Bunky Green: We were both at an International Association of Jazz Educators (IAJE) conference, and he brought me a tape. He was playing with a college band in Chicago, and he wanted me to listen to it. So I did, and I got back to him. It was as simple as that. I told him, "It's wonderful, man. Join the club. You're one of us." I said that because there are certain people who play a little differently and don't adhere to the older school as much as others. Rather, they map their own way harmonically. I'm talking about people like Steve Coleman and Greg Osby—both good friends of mine. I saw a similarity in intent with Rudresh, so I complimented him and told him I loved what he was doing. I felt it was the kind of direction I've been going in as well. Through the years, we remained friends, and he sent me his stuff to listen to. He has been moving phenomenally forward in getting into his own culture, examining his musical roots and making it apply to jazz, as opposed to being a carbon copy of someone else.

AAJ: Describe the seeds of your interest in Indian music.

BG: Many years ago, Donald Garrett told me about Ravi Shankar. Donald was with John Coltrane when he was doing the two-bass thing. He was one of those people seeking to find something new and different. I used to sit for hours listening to Shankar, and I went to see him perform. Prior to that, as early as 1965, I was in Algiers and heard an Eastern bagpipe player—as in the small bagpipe, not the Western variety. That really interested me. He blew my mind, and I said to him, "Wow, that's what I'm kind of hearing in my own head. Instead of a lot of harmony, I see you're treating the harmony by dealing with the tonal center." The only thing that was essential for his music was the drone. That stuck with me, and you can hear it on different albums I've done. I couldn't do it too much because the record companies didn't want it, so I had to sneak it in when I had an opportunity. [Laughs.]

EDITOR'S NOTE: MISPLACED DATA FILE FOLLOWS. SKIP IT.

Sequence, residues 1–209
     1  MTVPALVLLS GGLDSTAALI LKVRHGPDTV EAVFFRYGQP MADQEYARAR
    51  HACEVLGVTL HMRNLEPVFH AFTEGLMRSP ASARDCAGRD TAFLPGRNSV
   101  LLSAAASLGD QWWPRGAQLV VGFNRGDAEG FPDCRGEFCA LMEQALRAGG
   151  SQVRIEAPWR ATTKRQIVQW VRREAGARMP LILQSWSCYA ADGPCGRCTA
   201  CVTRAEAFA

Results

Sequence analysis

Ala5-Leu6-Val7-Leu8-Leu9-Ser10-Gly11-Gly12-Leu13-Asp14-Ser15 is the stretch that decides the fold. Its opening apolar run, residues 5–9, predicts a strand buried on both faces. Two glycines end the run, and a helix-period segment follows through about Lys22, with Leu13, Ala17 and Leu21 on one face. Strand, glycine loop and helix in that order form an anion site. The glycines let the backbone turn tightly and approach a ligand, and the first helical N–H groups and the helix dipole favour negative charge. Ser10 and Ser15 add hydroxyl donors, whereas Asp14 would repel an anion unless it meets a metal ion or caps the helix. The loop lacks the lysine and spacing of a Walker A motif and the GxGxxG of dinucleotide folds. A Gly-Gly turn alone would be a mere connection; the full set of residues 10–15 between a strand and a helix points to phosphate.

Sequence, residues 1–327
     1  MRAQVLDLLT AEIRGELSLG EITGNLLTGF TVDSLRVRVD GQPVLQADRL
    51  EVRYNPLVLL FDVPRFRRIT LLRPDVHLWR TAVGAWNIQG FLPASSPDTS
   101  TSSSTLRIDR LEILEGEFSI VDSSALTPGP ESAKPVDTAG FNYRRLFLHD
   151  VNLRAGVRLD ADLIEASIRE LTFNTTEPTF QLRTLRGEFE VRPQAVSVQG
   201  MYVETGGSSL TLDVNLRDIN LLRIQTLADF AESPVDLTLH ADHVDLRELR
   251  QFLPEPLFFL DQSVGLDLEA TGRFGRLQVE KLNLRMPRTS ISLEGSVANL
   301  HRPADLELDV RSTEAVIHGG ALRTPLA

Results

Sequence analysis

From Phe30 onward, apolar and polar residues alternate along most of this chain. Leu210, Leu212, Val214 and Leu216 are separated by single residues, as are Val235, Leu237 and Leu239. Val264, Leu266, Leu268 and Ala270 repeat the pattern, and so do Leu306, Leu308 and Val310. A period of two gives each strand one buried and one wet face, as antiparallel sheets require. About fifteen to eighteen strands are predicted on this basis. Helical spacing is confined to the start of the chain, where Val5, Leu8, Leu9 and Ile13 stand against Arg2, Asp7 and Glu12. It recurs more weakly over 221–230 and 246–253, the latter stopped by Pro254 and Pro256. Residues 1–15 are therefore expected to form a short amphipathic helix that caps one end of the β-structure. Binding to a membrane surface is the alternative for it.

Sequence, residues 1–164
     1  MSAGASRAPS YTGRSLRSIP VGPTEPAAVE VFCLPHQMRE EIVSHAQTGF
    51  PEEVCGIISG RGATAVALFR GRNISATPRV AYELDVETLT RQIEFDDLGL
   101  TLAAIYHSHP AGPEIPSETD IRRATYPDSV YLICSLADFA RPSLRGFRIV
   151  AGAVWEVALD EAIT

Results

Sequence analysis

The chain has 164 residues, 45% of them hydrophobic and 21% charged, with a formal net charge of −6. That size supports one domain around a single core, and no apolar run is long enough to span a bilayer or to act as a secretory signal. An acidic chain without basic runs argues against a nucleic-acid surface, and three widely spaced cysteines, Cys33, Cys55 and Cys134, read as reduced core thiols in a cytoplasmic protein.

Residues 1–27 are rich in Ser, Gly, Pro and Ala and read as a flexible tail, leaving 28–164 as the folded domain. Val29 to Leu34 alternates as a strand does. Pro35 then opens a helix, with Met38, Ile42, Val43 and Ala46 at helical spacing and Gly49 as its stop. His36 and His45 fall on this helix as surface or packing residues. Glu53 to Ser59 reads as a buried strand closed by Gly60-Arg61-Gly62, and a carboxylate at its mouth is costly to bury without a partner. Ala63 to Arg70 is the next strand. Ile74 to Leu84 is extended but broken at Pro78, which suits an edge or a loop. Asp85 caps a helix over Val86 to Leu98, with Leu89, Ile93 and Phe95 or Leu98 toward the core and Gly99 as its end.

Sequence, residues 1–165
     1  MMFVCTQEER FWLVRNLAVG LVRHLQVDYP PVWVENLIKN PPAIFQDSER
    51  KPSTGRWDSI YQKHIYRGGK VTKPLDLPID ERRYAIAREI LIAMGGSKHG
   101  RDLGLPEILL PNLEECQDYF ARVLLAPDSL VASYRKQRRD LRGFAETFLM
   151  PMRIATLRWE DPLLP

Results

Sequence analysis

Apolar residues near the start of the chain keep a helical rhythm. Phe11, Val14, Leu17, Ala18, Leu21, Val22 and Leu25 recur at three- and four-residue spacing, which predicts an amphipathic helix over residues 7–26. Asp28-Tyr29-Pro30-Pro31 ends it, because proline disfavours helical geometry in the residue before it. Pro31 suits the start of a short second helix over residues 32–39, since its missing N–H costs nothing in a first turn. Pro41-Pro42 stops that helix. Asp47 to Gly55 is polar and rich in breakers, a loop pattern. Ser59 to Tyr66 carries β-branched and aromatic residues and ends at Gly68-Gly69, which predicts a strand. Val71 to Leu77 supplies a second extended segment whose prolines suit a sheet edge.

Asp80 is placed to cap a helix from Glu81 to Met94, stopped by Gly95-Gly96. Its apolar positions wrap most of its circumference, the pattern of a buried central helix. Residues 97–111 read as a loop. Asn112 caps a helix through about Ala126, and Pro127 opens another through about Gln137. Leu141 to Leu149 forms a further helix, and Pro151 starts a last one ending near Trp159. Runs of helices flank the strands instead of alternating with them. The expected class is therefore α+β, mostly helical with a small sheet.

AAJ: Tell us about the collaborative model you adopted when working with Rudresh Mahanthappa on Apex.


From left: Bunky Green, Rudresh Mahanthappa


BG: The Apex story started in Chicago in 2009, when we played in Millennium Park together. Rudresh wanted me to play with him and called me to ask. At first I said, "I don't know."

But he was pretty persistent and said, "I just want you to do this gig with me. Come on, you can do it."

So I agreed and we did it. I realized when you're on the bandstand with Rudresh, you better come to play. Oh yes. And that's because it's so intense from the moment you start to the moment you walk off the stage.

We heard the recording of the performance and said, "Wow, we need to record this." Rudresh took it from there. In terms of the material, there was never any problem because I've got material going back, stylistically, using those Eastern scales, all the way to the '70s, when I recorded for Vanguard Records. There are a bunch of albums I did for Vanguard with Elvin Jones and others, including Summit Meeting (1977) and Time Capsule (1977). On my own personal recordings for Vanguard, I did a thing called "East & West" that was in that vein. That was on an album called Places We've Never Been, from 1979. I also wrote three tunes for Elvin Jones' Time Capsule, and those were kind of in that vein as well. So it was always there. And when you go back and really listen to my stuff, you can hear that I've been playing like that. You can't find someone playing "outside" without consistency and knowledge. They can do it because they've been doing it for a long time, and they can do it naturally.